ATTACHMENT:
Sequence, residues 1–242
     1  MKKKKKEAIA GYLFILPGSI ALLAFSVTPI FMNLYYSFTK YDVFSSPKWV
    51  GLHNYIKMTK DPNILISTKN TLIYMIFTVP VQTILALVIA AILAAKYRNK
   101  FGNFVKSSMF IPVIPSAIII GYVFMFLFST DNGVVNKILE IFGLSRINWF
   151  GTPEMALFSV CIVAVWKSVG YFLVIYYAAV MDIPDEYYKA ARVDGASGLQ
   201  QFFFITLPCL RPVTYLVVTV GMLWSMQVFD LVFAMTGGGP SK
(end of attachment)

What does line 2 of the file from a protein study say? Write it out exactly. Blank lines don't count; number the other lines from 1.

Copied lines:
     1  MKKKKKEAIA GYLFILPGSI ALLAFSVTPI FMNLYYSFTK YDVFSSPKWV